Bias in Economic News: The Reporting of Nominal Exchange Rate Behavior in Colombia/Comment

By Taborda, Rodrigo | Economia, Fall 2013 | Go to article overview

Bias in Economic News: The Reporting of Nominal Exchange Rate Behavior in Colombia/Comment


Taborda, Rodrigo, Economia


(ProQuest: ... denotes formulae omitted.)

The behavior of the nominal exchange rate (NER) is regularly reported and commented on in Colombian newspapers, editorials, and op-eds. However, the number and flavor of the news and commentary seem to increase disproportionately during revaluation in contrast to periods of devaluation.1 During the course of a revaluation, it is common to read claims (not facts) in the press of firms and entire industries in distress owing to revaluation and arguments about the benefits of outdated policies such as fixed and multiple exchange rates-implemented after 1967 with the enactment of Law 444 (Congreso de Colombia 1967)-if not a dollarization of the economy.2

On one hand, many news articles and op-ed pieces often maintain that revaluation is devastating for the macroeconomic performance of the country owing to the reduced income for exporters and holders of foreign debt and the subsequent effects on the employment and wages of workers in related industries. On the other hand, when devaluation occurs, little attention is paid in news, editorials, or op-eds. There are no complaints addressing the plausible effects of a devaluation, such as inflation from higher prices of foreign capital (machinery and equipment) or imported raw materials.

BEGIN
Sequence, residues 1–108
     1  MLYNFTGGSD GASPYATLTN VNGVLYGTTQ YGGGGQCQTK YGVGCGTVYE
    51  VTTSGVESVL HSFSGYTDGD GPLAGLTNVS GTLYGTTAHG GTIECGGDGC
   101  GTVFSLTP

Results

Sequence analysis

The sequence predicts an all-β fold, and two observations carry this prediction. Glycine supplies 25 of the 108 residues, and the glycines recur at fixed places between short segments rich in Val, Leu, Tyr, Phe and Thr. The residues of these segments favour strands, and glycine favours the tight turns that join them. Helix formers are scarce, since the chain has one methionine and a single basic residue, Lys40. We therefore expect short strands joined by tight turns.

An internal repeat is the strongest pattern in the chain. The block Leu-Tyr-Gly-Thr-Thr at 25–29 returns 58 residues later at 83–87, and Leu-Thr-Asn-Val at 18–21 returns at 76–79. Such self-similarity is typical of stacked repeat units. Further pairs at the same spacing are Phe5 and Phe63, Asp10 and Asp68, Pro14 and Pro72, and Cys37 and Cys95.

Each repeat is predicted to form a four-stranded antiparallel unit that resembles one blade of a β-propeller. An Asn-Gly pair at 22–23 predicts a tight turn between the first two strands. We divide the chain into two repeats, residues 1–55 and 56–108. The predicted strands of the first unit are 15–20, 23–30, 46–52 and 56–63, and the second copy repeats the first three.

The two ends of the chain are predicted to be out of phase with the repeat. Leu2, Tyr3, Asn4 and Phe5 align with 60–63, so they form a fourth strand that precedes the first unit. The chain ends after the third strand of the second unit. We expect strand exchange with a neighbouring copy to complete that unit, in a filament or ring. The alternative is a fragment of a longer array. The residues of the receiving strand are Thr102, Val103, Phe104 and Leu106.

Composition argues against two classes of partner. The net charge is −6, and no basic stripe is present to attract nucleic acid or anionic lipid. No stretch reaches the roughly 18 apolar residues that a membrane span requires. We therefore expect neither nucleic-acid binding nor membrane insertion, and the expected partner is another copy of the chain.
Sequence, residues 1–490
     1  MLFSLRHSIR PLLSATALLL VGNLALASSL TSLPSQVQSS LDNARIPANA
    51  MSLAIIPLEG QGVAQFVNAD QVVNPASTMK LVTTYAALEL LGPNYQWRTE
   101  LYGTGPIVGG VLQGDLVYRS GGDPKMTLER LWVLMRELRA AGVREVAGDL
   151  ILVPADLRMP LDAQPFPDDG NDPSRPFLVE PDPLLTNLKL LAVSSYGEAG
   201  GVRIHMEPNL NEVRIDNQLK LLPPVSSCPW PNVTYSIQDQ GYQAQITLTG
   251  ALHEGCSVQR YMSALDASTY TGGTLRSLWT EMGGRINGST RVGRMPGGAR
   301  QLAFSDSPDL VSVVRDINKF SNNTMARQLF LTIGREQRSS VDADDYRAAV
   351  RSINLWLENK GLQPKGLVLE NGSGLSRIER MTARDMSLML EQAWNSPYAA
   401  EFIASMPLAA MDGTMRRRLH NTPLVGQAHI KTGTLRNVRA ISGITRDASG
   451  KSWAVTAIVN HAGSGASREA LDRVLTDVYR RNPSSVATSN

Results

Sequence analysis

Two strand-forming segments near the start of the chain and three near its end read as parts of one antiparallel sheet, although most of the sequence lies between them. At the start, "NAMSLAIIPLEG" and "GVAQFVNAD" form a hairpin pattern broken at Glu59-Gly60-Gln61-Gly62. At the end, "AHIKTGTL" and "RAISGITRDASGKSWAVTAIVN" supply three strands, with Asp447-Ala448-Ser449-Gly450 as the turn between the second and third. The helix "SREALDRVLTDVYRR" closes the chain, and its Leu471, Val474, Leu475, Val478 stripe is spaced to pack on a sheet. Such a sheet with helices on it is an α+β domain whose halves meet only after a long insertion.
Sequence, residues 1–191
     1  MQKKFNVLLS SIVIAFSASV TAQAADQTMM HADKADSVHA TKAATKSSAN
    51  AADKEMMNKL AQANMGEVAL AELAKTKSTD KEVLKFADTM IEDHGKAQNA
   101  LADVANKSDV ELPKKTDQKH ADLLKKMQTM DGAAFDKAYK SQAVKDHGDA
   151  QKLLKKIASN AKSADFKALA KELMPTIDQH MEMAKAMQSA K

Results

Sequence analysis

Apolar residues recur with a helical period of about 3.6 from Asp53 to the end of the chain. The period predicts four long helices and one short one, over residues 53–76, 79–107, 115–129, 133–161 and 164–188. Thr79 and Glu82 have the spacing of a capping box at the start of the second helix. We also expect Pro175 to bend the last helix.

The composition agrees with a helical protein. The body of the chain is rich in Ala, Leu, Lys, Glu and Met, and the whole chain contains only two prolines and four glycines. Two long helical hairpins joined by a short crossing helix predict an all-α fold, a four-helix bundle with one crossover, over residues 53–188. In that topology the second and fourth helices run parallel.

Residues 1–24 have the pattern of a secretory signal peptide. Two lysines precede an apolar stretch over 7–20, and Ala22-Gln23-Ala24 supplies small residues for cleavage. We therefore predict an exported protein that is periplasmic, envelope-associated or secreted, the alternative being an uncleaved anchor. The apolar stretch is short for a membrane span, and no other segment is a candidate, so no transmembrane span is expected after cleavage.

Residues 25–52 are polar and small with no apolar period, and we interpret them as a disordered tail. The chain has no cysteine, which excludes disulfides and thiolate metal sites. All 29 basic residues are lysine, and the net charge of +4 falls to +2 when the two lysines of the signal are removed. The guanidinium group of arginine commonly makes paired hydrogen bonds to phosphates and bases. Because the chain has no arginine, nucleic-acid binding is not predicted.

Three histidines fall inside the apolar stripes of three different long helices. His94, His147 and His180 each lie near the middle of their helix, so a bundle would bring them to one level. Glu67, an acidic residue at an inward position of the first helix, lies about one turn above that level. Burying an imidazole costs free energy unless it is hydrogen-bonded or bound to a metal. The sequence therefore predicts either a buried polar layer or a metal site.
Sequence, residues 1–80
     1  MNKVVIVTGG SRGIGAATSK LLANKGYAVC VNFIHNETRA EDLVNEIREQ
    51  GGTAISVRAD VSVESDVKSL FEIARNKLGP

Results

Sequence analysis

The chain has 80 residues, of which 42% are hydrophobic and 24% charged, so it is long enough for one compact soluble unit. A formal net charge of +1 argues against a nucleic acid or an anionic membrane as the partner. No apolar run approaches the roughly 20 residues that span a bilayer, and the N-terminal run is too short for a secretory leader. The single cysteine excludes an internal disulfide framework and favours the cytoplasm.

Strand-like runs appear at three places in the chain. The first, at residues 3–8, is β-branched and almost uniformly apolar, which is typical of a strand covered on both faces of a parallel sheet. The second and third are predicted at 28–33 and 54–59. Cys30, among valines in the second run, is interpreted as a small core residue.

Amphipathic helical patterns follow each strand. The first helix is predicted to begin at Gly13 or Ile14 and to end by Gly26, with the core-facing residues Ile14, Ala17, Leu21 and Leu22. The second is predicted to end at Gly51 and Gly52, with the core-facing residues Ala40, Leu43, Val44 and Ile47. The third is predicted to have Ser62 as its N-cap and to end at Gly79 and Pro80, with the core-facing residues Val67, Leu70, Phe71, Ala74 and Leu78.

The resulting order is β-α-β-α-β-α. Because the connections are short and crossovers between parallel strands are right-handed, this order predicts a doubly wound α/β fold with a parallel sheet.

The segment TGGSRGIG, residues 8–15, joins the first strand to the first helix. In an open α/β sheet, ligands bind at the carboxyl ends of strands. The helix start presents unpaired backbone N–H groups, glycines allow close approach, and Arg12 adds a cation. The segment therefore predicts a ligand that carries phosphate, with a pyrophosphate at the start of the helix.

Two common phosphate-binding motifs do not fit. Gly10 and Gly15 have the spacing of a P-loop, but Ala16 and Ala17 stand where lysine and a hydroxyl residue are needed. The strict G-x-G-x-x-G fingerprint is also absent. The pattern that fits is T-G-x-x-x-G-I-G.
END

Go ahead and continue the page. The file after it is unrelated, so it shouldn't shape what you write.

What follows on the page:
This asymmetry in media reporting is hard to understand. Why would revaluation be more important to report and discuss than devaluation? Why are there claims of the benefits of a fixed exchange rate when the country has already gone through the crippling effects of an exchange rate black-market premium? Easterly (2002, p. 222), describes a high black-market premium as "a punitive tax on exporters-not a good incentive for growth." Finally, why, after almost twenty years of experience with a market-determined nominal exchange rate, is revaluation still reported as harmful for the economy, even though there have been more devaluation episodes than revaluation ones?3 One answer to these questions lies in media bias in reporting the behavior of the NER.

The existence of an interest group supplying media outlets with news to increase the awareness of readers and government officials of the catastrophic consequences of revaluation is considered. When this is the case, the media benefit from a larger audience and subsequent higher income, from advertising revenues. The interest group's goal is further satisfied when the fiscal authority offers subsidies or the monetary authority intervenes in the exchange rate market. When a government-related institution steps in to tame the expressions of discomfort, it fulfills the goal of increasing political affection and public acceptance.

There is a growing literature on the economics of media bias and media slant. Gentzkow and Shapiro (2008) and Larcinese, Puglisi, and Snyder (2011) offer a review of the theoretical and empirical approaches to this topic. The literature describes both supply- and demand-side models. On the supply side, the distortions of the news, its relationship with the private sector, and the government capture of media are the core subjects. On the demand side, the distortion comes from the public and its preference for news with a certain bias or slant and the media competition for their attention. The empirical evidence of media bias shown in this paper fits into the supply-side models and the idea of media "capture" not by the government but by an interest group. Specifically, the work of Corneo (2006) is an appropriate analytic framework for the alleged sources of media bias and slant in this paper.

Corneo (2006) builds a voting model of media capture at the hands of special interests. To begin with, the interest group, looking for a policy that will favor its current status, seeks to form a coalition with the media. The media can accept or refuse the formation of a coalition. When they do refuse, media demonstrate their independence and commitment to honest reporting. …

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